On Proofs of Love:

“There is no love; there are only proofs of love.” — Pierre Reverdy

Whatever love I might feel in my heart, others will see only my actions.

One of the great joys of falling in love is the feeling that the most extraordinary person in the entire world has chosen you.

Gretchen’s First Splendid Truth:

To be happy. I need to think about feeling good, feeling bad, and feeling right in an atmosphere of growth.

To be happy, I needed to generate more positive emotions, so that I increased the amount of of joy, pleasure, enthusiasm, gratitude, intimacy, and friendship in my life. That wasn’t hard to understand. I also needed to remove sources of bad feelings, so that I suffered less guilt, remorse, shame, anger, envy, boredom, and irritation. Also easy to understand. And apart from feeling more “good” and feeling less “bad,” I saw that I also needed to consider feeling right.

“Feeling right” is about living the life that’s right for you — in occupation, location, marital status, and so on. It’s also about virtue: doing your duty, living up to the expectations you set for yourself. For some people, “feeling right” can also include less elevated considerations: achieving a certain status or material standard of living.

March: Work (Aim Higher)

It turns out that the happy outperform the less happy. They tend to be more cooperative, less self-centered, and more willing to help other people. They work better with others, because people prefer to be around happier people. Happier people also make more effective leaders. [Ed note: Another thing I’m focused on in ’16.]

Happiness also matters to work simply because work occupies so much of our time.

On Choosing the Right Work:

Enthusiasm is more important to mastery than innate ability, it turns out, because the single most important element in developing an expertise is your willingness to practice.

On Embracing Who You Are:

I have an idea of who I wish I were, and that obscures my understanding of who I actually am.

On Novelty as a Key Element to Happiness:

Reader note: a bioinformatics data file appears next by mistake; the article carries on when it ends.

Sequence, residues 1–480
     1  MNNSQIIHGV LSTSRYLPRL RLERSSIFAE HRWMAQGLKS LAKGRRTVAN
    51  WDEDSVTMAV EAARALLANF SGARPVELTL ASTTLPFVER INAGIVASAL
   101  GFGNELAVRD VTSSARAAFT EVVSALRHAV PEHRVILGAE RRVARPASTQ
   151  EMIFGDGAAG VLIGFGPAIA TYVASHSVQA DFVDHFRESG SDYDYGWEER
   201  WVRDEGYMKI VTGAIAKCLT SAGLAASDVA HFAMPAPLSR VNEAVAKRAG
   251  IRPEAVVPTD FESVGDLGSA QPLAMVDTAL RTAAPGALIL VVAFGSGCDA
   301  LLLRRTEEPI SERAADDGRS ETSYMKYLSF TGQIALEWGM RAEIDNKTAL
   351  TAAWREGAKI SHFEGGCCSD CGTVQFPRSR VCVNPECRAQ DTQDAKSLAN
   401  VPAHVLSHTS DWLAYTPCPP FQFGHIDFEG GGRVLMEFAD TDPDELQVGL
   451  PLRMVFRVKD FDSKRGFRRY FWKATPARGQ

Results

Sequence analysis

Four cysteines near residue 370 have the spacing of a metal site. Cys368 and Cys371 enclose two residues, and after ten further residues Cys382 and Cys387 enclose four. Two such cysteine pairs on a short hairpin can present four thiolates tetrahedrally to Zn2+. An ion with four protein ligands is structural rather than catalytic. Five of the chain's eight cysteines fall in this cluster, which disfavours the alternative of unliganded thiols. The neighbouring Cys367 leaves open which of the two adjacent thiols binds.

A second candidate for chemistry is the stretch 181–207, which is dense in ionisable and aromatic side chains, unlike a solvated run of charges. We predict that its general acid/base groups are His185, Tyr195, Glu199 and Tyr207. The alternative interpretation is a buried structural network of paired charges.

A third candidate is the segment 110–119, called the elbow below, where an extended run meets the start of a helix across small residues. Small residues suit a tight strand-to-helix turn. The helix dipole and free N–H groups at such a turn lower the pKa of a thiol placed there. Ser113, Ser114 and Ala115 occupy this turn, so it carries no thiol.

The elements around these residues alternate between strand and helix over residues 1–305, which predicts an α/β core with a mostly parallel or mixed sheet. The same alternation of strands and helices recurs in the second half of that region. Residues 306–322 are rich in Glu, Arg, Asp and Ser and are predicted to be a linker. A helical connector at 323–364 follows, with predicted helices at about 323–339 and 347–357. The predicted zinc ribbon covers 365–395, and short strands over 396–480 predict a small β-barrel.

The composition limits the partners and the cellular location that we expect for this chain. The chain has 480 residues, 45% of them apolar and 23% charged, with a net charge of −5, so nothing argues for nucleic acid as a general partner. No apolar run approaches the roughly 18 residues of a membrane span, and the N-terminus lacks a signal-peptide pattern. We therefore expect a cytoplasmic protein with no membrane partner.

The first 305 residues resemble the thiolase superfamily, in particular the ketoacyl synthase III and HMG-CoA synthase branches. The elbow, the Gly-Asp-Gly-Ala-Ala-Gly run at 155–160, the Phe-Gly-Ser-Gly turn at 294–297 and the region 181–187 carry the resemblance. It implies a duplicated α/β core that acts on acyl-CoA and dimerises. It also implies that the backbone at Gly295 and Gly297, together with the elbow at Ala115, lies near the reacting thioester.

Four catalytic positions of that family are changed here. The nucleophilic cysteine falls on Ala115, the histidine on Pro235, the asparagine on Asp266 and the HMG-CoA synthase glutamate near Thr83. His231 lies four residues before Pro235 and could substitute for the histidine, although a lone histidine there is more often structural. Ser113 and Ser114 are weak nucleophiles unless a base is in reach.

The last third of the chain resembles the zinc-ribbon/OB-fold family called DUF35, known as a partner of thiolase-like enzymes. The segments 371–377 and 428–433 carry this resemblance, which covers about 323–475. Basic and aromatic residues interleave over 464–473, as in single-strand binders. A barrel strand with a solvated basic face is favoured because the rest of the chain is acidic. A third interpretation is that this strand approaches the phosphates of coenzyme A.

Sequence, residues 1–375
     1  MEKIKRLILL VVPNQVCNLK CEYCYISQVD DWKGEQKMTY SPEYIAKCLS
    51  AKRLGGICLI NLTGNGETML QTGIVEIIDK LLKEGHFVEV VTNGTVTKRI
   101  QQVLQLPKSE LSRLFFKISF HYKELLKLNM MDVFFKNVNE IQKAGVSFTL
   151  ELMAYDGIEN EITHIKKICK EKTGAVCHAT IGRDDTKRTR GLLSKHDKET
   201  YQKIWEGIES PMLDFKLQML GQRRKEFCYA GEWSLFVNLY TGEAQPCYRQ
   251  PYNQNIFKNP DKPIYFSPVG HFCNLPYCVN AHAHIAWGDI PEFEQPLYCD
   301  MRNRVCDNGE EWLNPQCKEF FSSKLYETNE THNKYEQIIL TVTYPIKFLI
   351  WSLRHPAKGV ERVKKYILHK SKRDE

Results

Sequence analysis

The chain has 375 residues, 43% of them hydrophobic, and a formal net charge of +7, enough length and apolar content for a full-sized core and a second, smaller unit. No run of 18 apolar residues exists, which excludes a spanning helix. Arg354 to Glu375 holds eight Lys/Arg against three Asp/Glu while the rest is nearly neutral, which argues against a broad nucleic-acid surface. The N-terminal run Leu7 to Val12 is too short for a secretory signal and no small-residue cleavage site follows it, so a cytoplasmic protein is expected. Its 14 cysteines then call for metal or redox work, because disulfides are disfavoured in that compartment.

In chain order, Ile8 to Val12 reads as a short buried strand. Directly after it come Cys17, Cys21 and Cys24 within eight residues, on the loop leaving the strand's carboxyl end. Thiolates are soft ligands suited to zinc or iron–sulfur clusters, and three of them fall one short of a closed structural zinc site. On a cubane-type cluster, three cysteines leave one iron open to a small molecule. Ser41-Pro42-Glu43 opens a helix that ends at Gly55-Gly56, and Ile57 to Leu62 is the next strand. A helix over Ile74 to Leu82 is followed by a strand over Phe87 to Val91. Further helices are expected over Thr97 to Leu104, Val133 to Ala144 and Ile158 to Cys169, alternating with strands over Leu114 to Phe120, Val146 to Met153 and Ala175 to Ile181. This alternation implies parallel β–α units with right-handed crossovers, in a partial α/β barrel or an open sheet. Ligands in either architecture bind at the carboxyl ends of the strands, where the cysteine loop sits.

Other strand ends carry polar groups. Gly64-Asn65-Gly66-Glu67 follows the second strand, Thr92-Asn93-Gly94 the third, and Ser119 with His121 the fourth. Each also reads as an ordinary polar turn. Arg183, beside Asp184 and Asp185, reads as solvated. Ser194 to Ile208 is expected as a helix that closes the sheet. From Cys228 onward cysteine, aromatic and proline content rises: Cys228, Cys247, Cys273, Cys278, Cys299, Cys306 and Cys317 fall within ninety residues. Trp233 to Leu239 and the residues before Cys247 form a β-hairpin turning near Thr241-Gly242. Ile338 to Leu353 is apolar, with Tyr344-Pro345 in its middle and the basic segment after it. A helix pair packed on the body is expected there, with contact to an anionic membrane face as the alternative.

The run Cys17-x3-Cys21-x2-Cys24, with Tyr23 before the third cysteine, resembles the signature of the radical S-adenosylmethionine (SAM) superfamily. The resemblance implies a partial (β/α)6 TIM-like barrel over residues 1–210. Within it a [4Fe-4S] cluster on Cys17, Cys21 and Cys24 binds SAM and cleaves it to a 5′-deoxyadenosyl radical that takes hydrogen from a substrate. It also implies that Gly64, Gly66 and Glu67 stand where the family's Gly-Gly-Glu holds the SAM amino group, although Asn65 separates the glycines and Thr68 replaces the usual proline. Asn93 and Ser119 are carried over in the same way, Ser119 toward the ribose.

The brain is stimulated by surprise, and successfully dealing with an unexpected situation gives a powerful sense of satisfaction. If you do new things you’re more apt to feel happy than people who stick to more familiar activities.

On Expanding Your Self Definition:

The more elements make up your identity, the less threatening it is when any one element is threatened.

[Ed note: Same as diversifying investments or streams of income. Another reason to always have a side hustle.]

On Enjoying the Fun of Failure:

In order to have more success, I needed to be willing to accept more failure.

I enjoy the fun of failure. It’s fun to fail, I kept repeating. It’s part of being ambitious; it’s part of being creative.

On the “Arrival Fallacy”:

First of all, by the time you’ve arrived at your destination, you’re expecting to reach it, so it has already been incorporated into your happiness. Also, arrival often brings more work and responsibility. It’s rare to achieve something (other than winning an award) that brings unadulterated pleasure without added concerns. Having a baby. Getting a promotion. Buying a house. [Ed note: Yeaaahhhh, looking to do all three  in ’16.] You look forward to reaching these destinations, but once you’ve reached them, they bring emotions other than sheer happiness. And of course, arriving at one goal usually reveals another, yet more challenging goal. The challenge, therefore, is to take pleasure in the “atmosphere of growth.”

On Being Open to Criticism:

“Any review is just one person’s option, and in the end the reviews vanish with the next day’s papers while the books endure.” – David Greenberg

April: Parenthood (Lighten Up)

On Whether or Not Children Bring Happiness:

Experts have found that  childcare is only slightly more pleasant than commuting. Marital satisfaction nose-dives after the first child is more and picks up again once the children leave home.


When asked, “What is one thing in life that has brought you the greatest happiness?” The most common answer was “children” or “grandchildren” or both.

Two Books:

  • Siblings Without Rivalry
  • How to Talk so Kids Will Listen and Listen So Kids Will Talk

On the Four Stages of Happiness

To eke out the most happiness from an experience, we must anticipate it, savor it as it unfolds, express happiness, and recall a happy memory.

[Ed note: I originally read this book before my wife and I were expecting. As a result, I didn’t capture a whole lot of notes on the parenthood chapter. I’ll have to revisit now that we’re expecting the birth of our first child.]

May: Leisure (Be Serious About Play)

On Finding Time For Fun (even with work looming):

Turning from one chore to another just made me feel trapped and drained. When I took the time to do something that was truly fun for me, I felt better able to tackle my to-do list. Fun is energizing.

On Embracing Your Idea of Fun:

Relinquishing my fantasies of what I wished I found fun allowed me more room to do the things that I did find fun.

On “Going off the Path”: